I have two (related) questions regarding the simulation of correlated, non-normal data with a user-specified value of Mardia’s 1970 multivariate kurtosis.

(1) It is very common in my field to use the method developed by Vale and Maurelli (1983) of doing a polynomial transformation of standard, normal random variables ($Y=a + bX + cX^{2} + dX^{3}$ where $X \sim N(0,1)$) where the coefficients c and d control the (univariate) skewness and kurtosis estimates. The non-normality is then achieved through the 1-dimensional marginal distributions but there is no control over the multivariate skewness/kurtosis estimates (as defined in Mardia (1970). So here comes my first question:

How can I obtain the population values of multivariate kurtosis if I have only the population values of all the univariate marginals?

Here's my attempt at a solution. It's using the semTools package in R (calculates Mardia's measure) and the lavaan package (implements the Vale & Maurelli method)


### three variables all correlated at 0.5
model <- 'x1 ~~ 0.5*x2
          x2 ~~ 0.5*x3
          x3 ~~ 0.5*x1'

### vector to store Mardia's kurtosis values
mardia_values <- double(100)

for (i in 1:100){

### generate simulated data with N=100,000 population skewness of 2 and kurtosis of 7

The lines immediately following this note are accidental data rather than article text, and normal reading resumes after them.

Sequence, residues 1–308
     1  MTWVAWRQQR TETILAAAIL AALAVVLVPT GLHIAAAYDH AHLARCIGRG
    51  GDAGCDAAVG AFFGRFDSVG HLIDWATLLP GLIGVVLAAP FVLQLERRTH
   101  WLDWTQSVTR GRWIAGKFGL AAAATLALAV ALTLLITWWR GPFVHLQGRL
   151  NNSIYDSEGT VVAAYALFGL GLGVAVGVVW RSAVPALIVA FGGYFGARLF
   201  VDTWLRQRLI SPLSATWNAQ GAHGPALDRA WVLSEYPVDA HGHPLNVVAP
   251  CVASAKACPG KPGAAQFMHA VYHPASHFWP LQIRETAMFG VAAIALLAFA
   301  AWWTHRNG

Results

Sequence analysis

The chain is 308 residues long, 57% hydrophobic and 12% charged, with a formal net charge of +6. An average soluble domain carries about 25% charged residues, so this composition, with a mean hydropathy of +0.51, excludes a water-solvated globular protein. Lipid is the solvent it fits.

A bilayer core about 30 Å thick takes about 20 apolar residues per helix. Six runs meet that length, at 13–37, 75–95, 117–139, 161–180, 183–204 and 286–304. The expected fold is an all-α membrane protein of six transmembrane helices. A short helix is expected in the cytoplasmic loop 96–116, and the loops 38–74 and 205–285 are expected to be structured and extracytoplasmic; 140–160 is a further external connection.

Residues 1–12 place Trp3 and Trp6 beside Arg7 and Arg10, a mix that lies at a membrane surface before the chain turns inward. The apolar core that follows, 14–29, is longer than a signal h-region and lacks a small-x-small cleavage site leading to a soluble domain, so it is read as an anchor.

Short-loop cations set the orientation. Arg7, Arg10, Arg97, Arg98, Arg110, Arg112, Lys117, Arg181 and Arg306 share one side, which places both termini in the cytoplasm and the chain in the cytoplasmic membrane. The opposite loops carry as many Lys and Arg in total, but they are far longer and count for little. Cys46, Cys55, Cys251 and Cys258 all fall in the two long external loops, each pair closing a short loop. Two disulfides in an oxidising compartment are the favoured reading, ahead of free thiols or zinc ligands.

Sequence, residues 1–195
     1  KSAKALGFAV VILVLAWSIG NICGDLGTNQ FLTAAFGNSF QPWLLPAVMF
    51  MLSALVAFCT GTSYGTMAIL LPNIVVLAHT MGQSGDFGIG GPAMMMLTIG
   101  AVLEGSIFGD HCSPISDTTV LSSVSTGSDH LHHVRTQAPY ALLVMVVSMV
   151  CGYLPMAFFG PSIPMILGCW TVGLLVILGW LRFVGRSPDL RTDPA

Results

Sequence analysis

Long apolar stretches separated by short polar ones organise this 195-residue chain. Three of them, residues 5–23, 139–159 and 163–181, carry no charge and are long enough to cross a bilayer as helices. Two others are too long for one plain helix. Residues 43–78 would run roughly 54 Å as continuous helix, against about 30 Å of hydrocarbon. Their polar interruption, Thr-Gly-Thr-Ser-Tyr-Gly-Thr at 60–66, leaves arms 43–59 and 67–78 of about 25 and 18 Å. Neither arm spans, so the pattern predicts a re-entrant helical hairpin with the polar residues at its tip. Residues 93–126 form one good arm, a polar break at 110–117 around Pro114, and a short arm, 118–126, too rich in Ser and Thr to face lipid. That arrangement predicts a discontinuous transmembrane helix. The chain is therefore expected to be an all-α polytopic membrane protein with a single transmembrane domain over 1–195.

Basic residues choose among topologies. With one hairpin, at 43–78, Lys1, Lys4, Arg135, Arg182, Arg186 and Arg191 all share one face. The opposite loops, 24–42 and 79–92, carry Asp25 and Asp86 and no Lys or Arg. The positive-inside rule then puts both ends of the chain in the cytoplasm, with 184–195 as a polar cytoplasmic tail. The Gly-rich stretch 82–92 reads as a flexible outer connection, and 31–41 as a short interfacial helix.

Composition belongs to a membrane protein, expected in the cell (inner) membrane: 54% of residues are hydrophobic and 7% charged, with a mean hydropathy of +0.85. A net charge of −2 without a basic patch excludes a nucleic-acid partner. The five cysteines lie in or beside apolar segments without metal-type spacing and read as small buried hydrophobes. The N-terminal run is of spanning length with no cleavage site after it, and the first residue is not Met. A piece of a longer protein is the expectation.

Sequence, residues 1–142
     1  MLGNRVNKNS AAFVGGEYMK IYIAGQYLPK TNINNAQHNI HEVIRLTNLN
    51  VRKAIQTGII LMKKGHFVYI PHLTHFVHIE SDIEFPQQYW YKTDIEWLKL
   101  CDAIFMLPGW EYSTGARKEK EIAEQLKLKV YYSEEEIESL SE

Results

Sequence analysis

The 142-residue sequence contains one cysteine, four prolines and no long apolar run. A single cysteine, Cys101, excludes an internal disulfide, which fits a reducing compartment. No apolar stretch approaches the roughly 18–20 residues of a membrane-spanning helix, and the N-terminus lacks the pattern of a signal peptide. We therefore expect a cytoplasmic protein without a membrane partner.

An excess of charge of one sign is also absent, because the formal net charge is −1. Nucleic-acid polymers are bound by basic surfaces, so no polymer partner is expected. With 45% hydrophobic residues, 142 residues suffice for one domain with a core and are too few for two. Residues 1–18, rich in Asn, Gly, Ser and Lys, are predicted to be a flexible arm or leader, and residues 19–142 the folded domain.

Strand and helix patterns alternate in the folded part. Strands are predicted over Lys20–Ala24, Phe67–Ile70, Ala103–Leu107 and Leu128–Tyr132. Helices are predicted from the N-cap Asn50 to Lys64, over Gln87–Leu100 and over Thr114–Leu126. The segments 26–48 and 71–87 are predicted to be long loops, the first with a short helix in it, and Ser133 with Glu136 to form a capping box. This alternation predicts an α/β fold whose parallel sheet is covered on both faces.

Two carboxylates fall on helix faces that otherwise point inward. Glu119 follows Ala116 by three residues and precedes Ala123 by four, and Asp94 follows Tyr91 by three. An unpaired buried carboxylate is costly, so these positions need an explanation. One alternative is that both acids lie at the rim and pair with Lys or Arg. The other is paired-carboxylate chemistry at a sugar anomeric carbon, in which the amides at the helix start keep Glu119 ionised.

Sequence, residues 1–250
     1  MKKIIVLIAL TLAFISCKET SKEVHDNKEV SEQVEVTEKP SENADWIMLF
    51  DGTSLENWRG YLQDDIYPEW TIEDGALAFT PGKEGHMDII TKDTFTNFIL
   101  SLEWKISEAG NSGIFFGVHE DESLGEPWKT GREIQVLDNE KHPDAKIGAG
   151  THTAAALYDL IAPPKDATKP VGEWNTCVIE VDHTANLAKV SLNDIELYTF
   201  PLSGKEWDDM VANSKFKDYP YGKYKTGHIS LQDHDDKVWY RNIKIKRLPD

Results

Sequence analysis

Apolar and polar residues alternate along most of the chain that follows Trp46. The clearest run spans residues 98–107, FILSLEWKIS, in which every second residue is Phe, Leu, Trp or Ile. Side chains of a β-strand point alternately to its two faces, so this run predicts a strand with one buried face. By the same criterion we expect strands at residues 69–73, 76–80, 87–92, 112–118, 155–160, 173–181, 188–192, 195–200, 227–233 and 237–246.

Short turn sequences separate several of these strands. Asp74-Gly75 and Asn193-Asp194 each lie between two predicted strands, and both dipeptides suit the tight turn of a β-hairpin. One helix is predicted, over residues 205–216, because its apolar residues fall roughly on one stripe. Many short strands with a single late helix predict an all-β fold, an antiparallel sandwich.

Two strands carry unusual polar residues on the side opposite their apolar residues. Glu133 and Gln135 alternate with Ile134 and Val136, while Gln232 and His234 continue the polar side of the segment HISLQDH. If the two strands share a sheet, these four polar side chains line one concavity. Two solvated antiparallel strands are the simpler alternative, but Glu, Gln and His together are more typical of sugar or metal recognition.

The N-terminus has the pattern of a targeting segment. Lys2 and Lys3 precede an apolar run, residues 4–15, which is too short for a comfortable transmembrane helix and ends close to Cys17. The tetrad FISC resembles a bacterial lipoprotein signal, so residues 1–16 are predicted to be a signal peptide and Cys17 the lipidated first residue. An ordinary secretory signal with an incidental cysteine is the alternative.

dataz <- simulateData(model, sample.nobs=100000, skewness=c(2,2,2), kurtosis=c(7,7,7))

mardia_values[i] <- as.numeric(mardiaKurtosis(datz)[1])


So essentially I'm approximating it via a simulation (at a large sample size)

Would this method be acceptable? I'm very open to suggestions (particularly if it can be derived analytically

(2) Now, on a related note... does anyone know of any method to simulate data where the value of Mardia Kurtosis can be specified by the user? So far, the only thing I have been able to come up with is, once again, using the Vale and Maurelli (1983) method and sort of just go by trail and error until I get the value that I want. Since Mardia defined these measures in the population, I assume it should be possible to have some method to generate data where the value can be specified in advance, but I do not know how.

Thank you!


Mardia, K. V. (1970). Measures of multivariate skewness and kurtosis with applications. Biometrika, 57(3), 519-530.

Vale, C. D., & Maurelli, V. A. (1983). Simulating multivariate nonnormal distributions. Psychometrika, 48(3), 465-471.

  • $\begingroup$ Have you considered using Yuan, Chan, and Bentler's (2000) multivariate transformation approach? Their goal was to transform toward multivariate normality, but you might be able to reverse their approach, that is, simulate multivariate normals, and then transform to your desired values of multivariate kurtosis.www3.nd.edu/~kyuan/papers/Yuan-Chan-Bentler-BJMSP00.pdf $\endgroup$ – Anthony Jan 8 '15 at 15:14

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